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March 1st, 2017

Our Perceptions of What a Leader Should Be


Previously, our blog covered the fact that there are gaps everywhere when talking about gender. This week we look at how preconceived notions of “role congruity” can affect the way leadership capabilities of men and women are perceived.


Stereotypical traits of Leaders

When researching this post, it became quite apparent that there are certain traits that occur at a higher frequency in leaders than in the general population. Features such as height, physical prowess, tone of voice, and posture are all used to unconsciously judge leadership abilities.

To lay out some of the more striking stats:

          $187, 000 a year more than the average CEO.


These results aren't so surprising when you look to the animal world and see that things aren’t so different, with the biggest and strongest – typically male – being in charge of a group. What is remarkable, is that humans no longer rely on strength and stature to protect and lead, and diversity at all levels of organizations is being actively promoted and encouraged. Yet, the vast majority of leaders still conform to the stereotype, and many men and women continue to have this image of who a leader is in their heads.


When These Traits Backfire

The perceived effectiveness of managers can be as important as their actual leadership abilities or business results. There is also an expectation that a person will act a certain way based on their gender. When these expectations of role congruity are not met, leadership ability can wane in the eyes of others, regardless of the leader’s actual efficacy.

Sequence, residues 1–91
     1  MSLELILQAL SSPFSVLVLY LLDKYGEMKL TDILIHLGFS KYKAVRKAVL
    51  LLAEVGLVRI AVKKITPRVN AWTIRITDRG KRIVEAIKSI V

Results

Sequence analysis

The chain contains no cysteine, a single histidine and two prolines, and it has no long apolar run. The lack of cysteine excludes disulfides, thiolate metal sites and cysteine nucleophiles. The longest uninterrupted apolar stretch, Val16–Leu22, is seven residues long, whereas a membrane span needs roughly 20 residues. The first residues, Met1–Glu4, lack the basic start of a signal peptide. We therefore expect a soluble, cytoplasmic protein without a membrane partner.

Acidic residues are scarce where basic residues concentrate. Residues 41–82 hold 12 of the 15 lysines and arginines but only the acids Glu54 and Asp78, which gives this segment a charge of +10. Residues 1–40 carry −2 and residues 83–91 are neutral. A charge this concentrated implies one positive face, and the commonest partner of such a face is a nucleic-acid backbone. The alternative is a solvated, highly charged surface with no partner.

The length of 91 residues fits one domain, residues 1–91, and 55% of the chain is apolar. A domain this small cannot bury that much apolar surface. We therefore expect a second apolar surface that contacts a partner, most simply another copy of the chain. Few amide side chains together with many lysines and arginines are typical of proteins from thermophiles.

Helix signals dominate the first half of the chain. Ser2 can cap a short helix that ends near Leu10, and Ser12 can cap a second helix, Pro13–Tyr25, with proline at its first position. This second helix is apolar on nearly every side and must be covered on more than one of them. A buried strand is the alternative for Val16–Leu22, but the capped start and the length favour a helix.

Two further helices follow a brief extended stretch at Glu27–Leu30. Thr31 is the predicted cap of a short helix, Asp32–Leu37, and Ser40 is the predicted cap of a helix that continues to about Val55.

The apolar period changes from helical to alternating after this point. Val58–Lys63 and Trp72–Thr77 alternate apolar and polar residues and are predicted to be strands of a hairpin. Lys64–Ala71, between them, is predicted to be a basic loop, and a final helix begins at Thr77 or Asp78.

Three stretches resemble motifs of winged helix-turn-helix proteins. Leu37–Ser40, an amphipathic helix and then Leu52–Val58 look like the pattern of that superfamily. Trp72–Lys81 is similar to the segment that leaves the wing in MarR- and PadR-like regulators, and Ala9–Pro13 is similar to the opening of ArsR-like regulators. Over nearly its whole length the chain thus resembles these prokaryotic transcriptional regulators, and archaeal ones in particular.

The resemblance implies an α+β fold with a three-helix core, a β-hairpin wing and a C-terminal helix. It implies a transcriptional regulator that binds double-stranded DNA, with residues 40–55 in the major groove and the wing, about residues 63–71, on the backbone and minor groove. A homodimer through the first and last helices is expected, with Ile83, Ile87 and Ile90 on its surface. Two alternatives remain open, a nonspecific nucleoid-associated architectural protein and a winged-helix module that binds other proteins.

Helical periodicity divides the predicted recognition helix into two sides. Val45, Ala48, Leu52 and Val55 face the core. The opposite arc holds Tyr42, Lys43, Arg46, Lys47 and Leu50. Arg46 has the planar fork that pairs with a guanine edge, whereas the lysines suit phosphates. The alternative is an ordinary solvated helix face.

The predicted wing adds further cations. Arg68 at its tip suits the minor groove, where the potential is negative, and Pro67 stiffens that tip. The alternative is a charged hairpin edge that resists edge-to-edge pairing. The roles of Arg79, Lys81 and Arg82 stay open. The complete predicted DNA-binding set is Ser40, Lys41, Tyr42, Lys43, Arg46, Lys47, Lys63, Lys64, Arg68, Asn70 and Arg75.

There are a number of traits that when displayed by a man, it’s seen as a plus, but when it’s displayed by a woman, it is often a negative. For example, men and women can exhibit the same results and accomplishments, but if they both act assertively, women are viewed to be less effective because it is a typically male trait.

The adjectives describing the same action in both a man and woman often also change subtly, with positive and negative connotations appearing. Men are seen as assertive and dedicated, while women are pushy and stubborn.

Because of this, women executives need to be exceptionally aware of their own leadership styles and strengths in order to be successful.

There is a second downside and it affects both men and women. Locke and Anderson (2014) write, “It was found that people participated less in a discussion when they interacted with a powerful individual who exhibited confidence [confident nonverbal demeanor including physical stature, posture, eye-contact, tone of voice] than when a powerful individual did not exhibit confidence.” People even deferred to the powerful individual who portrayed these traits when they were in fact no more competent than the rest of the group and their ideas weren't actually good ones, leading to suboptimal outcomes.


Stereotypes of Non-leaders